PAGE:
Library Happenings


Drop-In Story Time Mondays at 10:30 a.m. and PJ Story Time Thursdays at 6 p.m. do not require registration.

Tuesday Bookworms

Book Review “Drop Dead Healthy: One Man’s Quest for Bodily Perfection”

College Planning Workshop

By A.J. Jacobs (Simon & Schuster, $26) Reviewed by Larry Cox Bestselling author A.J. Jacobs (“The Year of Living Biblically” and “The Know-It-All”) chronicles his two-year quest to retool his body from a “mushy, easily-winded, moderately sickly blob” to a perfect specimen in his new book, “Drop Dead Healthy.” Think of it as a “SuperSize Me” in reverse. His first step was to compile a list of things he needed to do to improve his health. The list soon became a whopping 70 pages that included goals such as eating more leafy, green vegetables; watching more baseball (since it lowers blood pressure); lifting weights; humming to prevent sinus infections and even winning an Academy Award, since

CORRECTION Due to an editing error, the ownership of the land surrounding the Nichols Road House was incorrectly stated in the June 15 issue. The acreage is owned by the Town of Middlebury, and the Middlebury Land Trust has a conservation easement over the land.

Free SAT Practice Exam

Tuesday, June 26, at 6:30 p.m., the Tuesday Bookworms (boys and girls in third grade and up) will discuss “The Thieves of Ostia” by Caroline Lawrence and see an exclusive movie.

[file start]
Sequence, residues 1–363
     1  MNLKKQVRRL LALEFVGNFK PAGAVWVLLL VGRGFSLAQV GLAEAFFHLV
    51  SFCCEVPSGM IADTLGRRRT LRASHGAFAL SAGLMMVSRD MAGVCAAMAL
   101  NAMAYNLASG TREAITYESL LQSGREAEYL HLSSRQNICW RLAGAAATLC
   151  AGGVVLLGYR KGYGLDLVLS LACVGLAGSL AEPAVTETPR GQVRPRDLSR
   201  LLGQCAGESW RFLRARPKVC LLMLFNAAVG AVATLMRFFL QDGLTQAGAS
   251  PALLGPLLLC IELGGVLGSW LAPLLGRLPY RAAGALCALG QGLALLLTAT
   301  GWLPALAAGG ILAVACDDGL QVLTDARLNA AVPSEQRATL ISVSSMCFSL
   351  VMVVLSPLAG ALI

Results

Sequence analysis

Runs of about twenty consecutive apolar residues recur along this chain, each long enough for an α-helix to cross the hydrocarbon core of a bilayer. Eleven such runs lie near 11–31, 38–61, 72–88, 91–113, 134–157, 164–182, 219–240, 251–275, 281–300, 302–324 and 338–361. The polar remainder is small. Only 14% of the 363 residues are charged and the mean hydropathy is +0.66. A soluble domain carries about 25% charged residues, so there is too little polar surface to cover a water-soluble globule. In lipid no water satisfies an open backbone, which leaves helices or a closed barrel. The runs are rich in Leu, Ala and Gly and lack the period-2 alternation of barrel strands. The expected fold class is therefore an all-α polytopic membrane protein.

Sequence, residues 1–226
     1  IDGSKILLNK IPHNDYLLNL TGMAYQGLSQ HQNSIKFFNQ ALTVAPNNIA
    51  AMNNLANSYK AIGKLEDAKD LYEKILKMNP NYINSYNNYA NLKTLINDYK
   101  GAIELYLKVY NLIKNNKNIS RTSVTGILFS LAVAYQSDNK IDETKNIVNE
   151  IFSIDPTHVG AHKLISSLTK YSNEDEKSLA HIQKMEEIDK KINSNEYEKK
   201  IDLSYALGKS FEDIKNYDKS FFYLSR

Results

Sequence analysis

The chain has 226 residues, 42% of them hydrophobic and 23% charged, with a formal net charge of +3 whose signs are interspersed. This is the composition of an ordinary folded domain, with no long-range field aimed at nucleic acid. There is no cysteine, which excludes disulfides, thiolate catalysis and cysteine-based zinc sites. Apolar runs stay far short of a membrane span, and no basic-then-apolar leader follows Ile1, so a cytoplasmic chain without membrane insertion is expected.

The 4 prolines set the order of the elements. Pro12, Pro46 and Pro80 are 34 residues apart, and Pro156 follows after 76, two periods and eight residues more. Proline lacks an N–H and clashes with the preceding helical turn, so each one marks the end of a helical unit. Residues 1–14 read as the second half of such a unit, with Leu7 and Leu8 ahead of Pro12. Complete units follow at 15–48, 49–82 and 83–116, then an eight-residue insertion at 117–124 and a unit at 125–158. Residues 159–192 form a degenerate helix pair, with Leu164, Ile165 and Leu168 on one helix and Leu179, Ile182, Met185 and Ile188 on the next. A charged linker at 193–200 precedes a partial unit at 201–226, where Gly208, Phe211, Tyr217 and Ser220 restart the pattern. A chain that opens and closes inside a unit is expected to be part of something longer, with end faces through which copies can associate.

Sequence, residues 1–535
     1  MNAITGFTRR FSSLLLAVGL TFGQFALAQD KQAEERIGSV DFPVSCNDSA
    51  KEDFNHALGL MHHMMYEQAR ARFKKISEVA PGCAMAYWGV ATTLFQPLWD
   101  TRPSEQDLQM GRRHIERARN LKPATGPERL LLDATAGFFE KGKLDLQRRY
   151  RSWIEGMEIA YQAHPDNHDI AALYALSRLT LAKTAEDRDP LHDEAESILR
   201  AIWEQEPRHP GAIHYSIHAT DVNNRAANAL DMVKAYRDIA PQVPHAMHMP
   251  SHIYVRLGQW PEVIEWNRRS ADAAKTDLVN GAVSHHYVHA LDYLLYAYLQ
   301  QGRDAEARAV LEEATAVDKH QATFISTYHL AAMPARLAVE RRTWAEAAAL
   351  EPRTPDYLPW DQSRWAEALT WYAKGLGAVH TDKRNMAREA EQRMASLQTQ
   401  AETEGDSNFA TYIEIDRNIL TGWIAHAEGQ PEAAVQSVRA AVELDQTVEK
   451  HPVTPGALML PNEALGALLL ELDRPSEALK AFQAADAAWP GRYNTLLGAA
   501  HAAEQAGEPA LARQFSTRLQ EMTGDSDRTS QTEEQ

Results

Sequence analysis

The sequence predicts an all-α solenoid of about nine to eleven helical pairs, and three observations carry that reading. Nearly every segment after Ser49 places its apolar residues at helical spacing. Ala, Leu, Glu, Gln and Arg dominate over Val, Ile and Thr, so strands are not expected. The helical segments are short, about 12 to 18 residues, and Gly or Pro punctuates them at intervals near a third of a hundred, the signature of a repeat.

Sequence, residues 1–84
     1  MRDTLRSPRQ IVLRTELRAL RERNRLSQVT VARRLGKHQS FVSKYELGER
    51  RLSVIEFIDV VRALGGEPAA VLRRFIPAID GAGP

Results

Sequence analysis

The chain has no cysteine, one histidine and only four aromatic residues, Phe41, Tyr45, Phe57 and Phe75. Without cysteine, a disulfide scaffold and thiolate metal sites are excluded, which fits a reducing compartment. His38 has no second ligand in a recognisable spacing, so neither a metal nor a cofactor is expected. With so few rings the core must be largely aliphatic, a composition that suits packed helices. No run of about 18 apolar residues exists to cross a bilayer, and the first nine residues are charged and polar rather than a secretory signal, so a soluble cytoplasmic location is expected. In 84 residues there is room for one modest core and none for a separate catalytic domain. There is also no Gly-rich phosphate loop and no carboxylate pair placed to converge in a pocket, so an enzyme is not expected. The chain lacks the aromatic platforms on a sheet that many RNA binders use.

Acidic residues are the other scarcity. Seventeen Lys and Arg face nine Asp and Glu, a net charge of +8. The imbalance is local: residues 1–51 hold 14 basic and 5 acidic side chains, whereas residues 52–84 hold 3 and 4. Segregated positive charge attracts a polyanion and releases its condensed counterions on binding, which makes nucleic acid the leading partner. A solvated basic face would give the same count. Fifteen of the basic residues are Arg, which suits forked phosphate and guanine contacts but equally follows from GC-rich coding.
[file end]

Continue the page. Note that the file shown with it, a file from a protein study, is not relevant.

he read that Oscar winners live three years longer than non-Oscar winners. Jacobs broke down his body into various parts, from lungs to stomach to brain to lower back and beyond. As his wife rolled her eyes and made occasional pithy observations, Jacobs trudged on, implementing a “Vice Diet” that included more chocolate, booze and coffee, since he reasoned that chocolate is high in antioxidants, alcohol is good for the heart in judicious amounts, and coffee lowers the odds of certain types of cancer. He explored the benefits of “chewdaism,” chewing on food for up to 100 chomps per mouthful. He also added raw foods to his diet, learned portion control and figured out ways to eliminate as much sugar as possible. Part memoir, part adventure, part how-to manual, “Drop Dead Healthy” is laugh-out-loud funny and tests our culture’s assumptions and obsessions with what makes for good health. Brimming with data, photographs and a narrative that is both inspiring and witty, Jacob’s saga will have you laughing so hard it will flood your bloodstream with endorphins, making you feel healthier after just a few pages. It could be just what the doctor ordered. (c) 2012 King Features Synd., Inc.